klgoing says:

NMC,

It’s difficult to decide when to respond to posts personally, especially when, like yours, they are particularly passionate. Is it possible for there to be actual dialogue between us?

I am not sure, but I’m willing to make an attempt. I want to say that I don’t see this as a “good” and “bad” situation, where the student and mother are wholly good and I am wholly bad, or vice versa. In fact, I think that both myself and this parent are both in our own ways trying to do something we perceive as good. I respect her for taking a stand, even if it’s not a stand I believe in. I wonder if you can respect the fact that I write my books not out of evil intent to corrupt innocent children, but rather as an attempt to reach out to children whose innocence has already been stolen from them in so many ways. The main character of my book is indeed a lost boy, as you say, but he does not find his way BECAUSE of profanity, sexual innuendos, suicidal intent, drugs and alcohol… he finds his way IN SPITE of them.

I do not in any way promote mindlessness, as you accuse. Quite the opposite. Fat Kid Rules the World is a book that requires thought. It is meant to challenge the reader to step past their comfort zone and learn to love a character who is less than perfect. It is not an “easy” read with a quick moral message to deliver. But it does have a message about love and redemption and, yes, the character does, in the end, despite it all, succeed. There is hope.

Furthermore, I would never in any way seek to banish religious discussion from literature, but I would hope that it would be just that — discussion, open to listening and talking with one another in an attitude of openness, not condemning one another without ever seeing the person we condemn as a human being whose life and thoughts are complex and worth being listened to.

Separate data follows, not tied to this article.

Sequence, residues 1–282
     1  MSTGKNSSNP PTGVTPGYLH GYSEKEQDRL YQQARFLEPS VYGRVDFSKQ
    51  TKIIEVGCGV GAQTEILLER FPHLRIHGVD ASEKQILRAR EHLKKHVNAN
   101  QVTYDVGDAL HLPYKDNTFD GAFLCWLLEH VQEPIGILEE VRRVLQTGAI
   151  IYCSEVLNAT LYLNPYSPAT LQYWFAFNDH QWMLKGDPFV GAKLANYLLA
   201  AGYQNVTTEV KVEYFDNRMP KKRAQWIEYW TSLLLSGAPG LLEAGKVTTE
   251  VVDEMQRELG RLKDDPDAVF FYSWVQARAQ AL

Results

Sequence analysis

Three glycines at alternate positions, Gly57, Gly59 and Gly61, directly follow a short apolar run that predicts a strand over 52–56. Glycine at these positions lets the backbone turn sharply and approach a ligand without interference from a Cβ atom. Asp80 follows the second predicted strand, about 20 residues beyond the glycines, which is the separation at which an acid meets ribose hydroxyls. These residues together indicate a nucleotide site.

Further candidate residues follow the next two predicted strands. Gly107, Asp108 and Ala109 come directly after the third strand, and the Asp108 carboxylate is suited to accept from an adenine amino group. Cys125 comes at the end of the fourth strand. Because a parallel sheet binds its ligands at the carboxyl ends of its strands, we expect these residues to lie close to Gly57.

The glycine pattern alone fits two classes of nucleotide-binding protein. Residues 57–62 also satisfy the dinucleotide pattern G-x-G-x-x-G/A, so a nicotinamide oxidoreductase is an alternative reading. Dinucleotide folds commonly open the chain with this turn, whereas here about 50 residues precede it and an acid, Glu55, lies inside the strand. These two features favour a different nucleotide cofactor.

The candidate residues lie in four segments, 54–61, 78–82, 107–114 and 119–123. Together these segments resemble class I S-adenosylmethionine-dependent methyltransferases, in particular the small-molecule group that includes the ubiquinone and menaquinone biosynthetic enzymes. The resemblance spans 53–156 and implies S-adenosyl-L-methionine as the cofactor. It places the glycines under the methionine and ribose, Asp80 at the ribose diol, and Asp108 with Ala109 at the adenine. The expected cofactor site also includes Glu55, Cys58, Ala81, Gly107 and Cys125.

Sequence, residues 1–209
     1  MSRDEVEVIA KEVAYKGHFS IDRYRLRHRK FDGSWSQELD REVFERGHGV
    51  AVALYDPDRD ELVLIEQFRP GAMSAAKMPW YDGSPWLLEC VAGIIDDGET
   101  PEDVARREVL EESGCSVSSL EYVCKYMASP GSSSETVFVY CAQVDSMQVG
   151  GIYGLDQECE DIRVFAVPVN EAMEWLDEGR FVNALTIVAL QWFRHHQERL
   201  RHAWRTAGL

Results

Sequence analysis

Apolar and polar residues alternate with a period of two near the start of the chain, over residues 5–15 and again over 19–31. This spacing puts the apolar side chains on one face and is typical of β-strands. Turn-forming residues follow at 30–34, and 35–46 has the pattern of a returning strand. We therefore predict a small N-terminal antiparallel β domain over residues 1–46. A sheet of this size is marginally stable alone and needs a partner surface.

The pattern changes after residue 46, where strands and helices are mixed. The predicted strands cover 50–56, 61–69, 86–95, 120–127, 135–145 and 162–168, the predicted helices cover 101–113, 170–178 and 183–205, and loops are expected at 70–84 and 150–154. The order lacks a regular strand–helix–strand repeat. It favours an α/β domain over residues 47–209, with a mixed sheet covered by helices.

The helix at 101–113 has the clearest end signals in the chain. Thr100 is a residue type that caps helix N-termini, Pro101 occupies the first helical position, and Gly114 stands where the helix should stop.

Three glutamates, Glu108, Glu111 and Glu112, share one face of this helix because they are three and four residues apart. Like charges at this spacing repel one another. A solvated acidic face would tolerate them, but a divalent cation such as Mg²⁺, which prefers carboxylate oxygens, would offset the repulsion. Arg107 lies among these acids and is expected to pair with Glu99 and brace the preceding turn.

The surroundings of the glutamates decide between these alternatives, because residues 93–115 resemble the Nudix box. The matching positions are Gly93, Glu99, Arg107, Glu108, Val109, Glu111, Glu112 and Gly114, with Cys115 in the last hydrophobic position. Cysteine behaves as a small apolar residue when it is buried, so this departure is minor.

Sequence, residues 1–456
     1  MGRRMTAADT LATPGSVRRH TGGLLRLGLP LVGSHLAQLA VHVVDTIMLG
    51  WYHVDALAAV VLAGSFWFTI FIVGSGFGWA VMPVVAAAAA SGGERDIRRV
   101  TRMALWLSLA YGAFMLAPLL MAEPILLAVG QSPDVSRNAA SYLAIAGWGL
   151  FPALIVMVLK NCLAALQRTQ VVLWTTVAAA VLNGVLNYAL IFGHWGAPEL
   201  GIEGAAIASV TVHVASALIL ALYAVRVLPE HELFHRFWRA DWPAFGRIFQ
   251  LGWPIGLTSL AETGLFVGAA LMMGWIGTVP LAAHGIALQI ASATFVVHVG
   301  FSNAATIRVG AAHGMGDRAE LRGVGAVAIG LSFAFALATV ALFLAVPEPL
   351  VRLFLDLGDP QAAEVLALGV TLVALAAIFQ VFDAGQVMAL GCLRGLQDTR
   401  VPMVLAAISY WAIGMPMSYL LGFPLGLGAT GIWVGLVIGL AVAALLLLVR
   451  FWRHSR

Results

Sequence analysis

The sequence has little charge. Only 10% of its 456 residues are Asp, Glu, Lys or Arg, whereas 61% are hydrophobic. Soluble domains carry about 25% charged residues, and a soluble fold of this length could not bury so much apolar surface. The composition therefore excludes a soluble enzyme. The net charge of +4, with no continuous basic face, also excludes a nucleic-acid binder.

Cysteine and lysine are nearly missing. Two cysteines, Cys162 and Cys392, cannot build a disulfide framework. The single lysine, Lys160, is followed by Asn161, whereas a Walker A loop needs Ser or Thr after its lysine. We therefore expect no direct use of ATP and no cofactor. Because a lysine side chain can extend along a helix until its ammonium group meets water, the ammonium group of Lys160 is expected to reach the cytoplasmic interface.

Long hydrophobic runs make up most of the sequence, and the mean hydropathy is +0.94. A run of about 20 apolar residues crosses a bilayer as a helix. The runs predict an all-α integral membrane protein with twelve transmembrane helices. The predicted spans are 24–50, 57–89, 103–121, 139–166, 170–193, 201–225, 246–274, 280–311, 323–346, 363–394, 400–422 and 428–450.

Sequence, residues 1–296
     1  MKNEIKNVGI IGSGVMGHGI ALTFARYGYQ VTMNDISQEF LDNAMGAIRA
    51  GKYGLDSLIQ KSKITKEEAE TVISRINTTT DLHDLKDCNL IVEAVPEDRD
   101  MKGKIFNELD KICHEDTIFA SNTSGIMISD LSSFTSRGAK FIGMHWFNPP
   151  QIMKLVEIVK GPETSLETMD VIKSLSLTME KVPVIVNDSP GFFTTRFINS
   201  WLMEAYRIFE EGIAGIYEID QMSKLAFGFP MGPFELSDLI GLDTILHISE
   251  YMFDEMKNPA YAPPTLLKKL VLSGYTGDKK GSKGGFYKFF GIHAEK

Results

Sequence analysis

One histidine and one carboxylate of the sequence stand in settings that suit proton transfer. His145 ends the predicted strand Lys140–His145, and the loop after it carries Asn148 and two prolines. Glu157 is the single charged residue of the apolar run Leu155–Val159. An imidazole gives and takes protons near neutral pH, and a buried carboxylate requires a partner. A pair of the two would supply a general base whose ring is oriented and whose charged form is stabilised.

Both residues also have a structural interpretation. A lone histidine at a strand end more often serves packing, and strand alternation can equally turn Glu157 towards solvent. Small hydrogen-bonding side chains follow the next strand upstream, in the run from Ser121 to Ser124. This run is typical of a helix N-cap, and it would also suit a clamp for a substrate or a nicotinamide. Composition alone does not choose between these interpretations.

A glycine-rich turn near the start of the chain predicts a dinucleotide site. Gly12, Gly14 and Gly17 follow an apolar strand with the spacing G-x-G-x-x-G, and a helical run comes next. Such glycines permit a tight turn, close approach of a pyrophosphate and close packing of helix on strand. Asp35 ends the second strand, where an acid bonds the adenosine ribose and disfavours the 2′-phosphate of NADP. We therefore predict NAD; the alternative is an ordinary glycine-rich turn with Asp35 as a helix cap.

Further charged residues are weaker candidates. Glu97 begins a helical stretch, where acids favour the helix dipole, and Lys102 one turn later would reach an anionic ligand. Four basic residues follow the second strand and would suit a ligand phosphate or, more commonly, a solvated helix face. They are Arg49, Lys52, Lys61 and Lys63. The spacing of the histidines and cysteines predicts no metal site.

Likewise, I would never seek to abdicate responsibility for the fate of our children to parents alone; I take my role as author for teens and children very seriously. In my books for teens I have chosen to open doors to worlds that don’t often get portrayed with anything other than judgement, and I try to shed new light on them so that my teen readers, who have now entered that unique time between childhood and adulthood, can begin to grapple with new realities.

In my books for younger children (The Liberation of Gabriel King and The Garden of Eve) you will find different choices. No profanity is present in these novels, and sexual thoughts are not included. Instead, my novels for younger kids deal with more basic issues (though still complex) of how to find courage, and confront racism, and how to find a path through grief.